In ancient times, Sparta was renowned for the piety of its citizens. This included delaying deployments of the army to honor religious festivals, most famously before both Marathon and Thermopylae. In addition, the Spartans consulted the Oracle at Delphi before undertaking any major action. Thus the Spartan Constitution had to be"approved" by Delphi before it was adopted by the citizens, and the deposition of King Demaratus, likewise, required a judgement from Delphi -- just to name two examples. Yet, given the diversity of ancient Greek gods, it remains difficult to grasp just what Spartan "piety" actually entailed. A look at Spartan festivals and temples, however, provides some clues.
Curiously, the famous warriors of Ancient Greece did not particularly honor the God of War, Ares. Athena, not Ares, was Sparta's patron. Furthermore, Nikolaos Kouloumpis notes in his article “The Worship and the role of Religion in the formation of the Spartan state,” (Sparta: Journal of Ancient Spartan and Greek History, Vol. 6, #1), that Sparta’s most important festivals, the Karneia and Hyacinthia, were dedicated to Apollo. Even the Gymnopaedia, arguably the most famous of Sparta’s annual festivals, was dedicated to Apollo and Artemis, Dionysus and Leto.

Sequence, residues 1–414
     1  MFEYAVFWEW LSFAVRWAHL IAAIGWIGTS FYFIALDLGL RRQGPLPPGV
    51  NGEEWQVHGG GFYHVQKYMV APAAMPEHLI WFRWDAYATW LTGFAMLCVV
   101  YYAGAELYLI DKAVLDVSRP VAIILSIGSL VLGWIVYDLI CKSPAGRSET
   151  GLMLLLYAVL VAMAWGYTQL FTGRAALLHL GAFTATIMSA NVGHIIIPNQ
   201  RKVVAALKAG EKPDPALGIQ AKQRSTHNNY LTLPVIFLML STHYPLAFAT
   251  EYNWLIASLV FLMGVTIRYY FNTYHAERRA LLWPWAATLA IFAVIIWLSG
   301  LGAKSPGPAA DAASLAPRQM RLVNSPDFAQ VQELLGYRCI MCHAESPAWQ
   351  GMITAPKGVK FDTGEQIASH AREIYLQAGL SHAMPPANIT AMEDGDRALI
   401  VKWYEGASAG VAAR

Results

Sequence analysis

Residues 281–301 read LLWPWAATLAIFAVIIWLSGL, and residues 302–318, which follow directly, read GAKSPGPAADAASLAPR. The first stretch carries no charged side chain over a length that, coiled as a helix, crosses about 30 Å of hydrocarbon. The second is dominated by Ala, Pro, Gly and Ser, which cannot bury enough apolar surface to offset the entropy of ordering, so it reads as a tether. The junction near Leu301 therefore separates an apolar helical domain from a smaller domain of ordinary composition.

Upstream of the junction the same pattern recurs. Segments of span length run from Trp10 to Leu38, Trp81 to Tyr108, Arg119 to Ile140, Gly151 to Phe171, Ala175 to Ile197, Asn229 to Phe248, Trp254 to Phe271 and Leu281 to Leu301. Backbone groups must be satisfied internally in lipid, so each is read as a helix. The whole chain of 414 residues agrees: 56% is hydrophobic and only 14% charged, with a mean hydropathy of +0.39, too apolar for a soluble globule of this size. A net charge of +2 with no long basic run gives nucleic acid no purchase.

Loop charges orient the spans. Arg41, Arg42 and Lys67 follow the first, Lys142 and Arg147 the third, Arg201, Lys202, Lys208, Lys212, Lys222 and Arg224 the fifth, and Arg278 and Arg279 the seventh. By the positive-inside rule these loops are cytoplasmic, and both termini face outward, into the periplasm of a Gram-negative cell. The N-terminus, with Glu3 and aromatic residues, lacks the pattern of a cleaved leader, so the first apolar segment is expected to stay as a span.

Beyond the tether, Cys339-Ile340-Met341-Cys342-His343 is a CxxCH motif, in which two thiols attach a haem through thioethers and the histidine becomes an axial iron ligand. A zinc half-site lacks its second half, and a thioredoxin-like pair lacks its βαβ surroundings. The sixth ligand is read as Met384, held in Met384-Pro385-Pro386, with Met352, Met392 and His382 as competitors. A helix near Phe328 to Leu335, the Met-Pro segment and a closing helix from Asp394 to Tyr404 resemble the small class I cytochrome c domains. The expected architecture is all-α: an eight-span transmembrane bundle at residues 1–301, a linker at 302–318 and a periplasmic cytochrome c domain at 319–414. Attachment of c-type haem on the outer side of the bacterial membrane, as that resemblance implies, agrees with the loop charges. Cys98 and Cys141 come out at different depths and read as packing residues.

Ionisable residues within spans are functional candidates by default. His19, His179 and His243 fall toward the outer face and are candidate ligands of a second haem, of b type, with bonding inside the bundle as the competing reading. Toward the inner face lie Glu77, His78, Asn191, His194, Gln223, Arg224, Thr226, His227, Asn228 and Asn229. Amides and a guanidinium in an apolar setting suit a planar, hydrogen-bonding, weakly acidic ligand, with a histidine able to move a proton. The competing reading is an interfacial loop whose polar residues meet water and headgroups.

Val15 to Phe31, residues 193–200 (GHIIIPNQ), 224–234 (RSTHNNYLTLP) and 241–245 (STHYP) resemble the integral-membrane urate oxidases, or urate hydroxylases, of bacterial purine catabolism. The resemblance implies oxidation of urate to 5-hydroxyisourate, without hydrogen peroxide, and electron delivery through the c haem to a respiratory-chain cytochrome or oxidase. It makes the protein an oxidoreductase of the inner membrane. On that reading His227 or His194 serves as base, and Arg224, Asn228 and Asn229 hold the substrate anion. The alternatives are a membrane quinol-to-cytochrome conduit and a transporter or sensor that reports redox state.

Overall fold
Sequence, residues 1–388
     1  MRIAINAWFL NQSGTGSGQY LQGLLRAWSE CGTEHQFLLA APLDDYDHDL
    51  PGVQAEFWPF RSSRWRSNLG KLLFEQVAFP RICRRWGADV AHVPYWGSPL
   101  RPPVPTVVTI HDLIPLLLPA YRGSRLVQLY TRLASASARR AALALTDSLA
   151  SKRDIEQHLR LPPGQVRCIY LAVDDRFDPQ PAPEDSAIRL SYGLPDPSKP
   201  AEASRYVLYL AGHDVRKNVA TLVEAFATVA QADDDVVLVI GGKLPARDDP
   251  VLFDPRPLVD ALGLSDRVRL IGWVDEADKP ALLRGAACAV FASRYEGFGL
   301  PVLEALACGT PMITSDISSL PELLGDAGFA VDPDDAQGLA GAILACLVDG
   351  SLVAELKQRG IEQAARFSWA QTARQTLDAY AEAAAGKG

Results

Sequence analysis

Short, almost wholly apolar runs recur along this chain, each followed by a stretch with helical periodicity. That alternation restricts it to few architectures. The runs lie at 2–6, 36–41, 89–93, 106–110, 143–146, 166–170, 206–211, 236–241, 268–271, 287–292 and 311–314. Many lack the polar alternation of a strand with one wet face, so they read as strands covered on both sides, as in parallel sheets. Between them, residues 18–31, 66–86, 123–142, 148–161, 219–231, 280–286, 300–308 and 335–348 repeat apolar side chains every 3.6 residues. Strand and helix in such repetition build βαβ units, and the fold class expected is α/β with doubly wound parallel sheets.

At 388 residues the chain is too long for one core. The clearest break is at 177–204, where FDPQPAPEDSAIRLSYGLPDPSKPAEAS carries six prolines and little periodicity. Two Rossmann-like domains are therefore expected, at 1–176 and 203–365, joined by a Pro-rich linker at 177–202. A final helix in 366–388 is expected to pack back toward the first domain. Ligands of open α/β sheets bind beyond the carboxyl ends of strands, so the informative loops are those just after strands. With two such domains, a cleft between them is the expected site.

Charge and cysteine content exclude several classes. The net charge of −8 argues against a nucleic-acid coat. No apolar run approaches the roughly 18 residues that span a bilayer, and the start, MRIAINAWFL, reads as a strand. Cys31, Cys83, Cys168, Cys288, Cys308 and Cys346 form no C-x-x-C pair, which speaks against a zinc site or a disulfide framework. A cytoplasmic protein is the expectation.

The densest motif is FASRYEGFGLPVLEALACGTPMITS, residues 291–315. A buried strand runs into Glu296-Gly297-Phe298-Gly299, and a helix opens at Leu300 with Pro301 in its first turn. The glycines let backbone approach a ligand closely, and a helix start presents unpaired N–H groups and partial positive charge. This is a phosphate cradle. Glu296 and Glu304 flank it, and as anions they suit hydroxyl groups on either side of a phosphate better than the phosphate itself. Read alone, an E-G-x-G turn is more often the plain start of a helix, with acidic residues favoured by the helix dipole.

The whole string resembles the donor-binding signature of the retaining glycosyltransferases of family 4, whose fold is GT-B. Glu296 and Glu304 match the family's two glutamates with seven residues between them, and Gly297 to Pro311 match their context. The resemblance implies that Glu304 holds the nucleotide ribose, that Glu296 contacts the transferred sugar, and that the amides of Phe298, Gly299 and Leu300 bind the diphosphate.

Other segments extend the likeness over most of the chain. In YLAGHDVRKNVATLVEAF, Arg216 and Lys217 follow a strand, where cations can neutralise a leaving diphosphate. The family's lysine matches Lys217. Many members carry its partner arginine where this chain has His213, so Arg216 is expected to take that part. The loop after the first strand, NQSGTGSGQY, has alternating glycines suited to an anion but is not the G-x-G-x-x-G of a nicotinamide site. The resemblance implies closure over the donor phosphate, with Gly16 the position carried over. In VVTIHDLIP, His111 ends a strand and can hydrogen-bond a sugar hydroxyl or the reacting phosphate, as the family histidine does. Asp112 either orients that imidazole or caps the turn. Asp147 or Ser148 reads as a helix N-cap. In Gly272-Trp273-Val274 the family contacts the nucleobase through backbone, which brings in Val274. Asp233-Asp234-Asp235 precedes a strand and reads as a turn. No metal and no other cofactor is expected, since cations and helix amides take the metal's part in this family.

The choice of Athena as Sparta's patron reflects the fact that Sparta placed a greater value on intellectual than martial achievement, while there is a relationship between the reverence for Apollo and Sparta’s renown in the field of music and dance. Certainly, the festivals dedicated to Apollo provided the occasions for choral and dancing competitions, and the performances attracted tourists from throughout the ancient world, who in turn admired Spartan prowess in these disciplines.